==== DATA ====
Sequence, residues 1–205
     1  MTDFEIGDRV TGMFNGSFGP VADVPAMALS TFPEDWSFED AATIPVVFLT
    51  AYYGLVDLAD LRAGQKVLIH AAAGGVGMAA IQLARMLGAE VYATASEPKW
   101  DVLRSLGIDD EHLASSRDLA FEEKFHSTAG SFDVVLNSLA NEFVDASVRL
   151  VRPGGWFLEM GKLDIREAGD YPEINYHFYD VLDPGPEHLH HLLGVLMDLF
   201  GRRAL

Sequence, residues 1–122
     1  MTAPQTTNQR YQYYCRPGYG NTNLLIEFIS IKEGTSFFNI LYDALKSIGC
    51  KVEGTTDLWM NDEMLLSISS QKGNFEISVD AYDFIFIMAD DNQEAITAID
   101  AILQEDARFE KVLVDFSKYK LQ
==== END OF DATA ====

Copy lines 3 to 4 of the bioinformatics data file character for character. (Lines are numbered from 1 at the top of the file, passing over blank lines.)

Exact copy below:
    51  AYYGLVDLAD LRAGQKVLIH AAAGGVGMAA IQLARMLGAE VYATASEPKW
   101  DVLRSLGIDD EHLASSRDLA FEEKFHSTAG SFDVVLNSLA NEFVDASVRL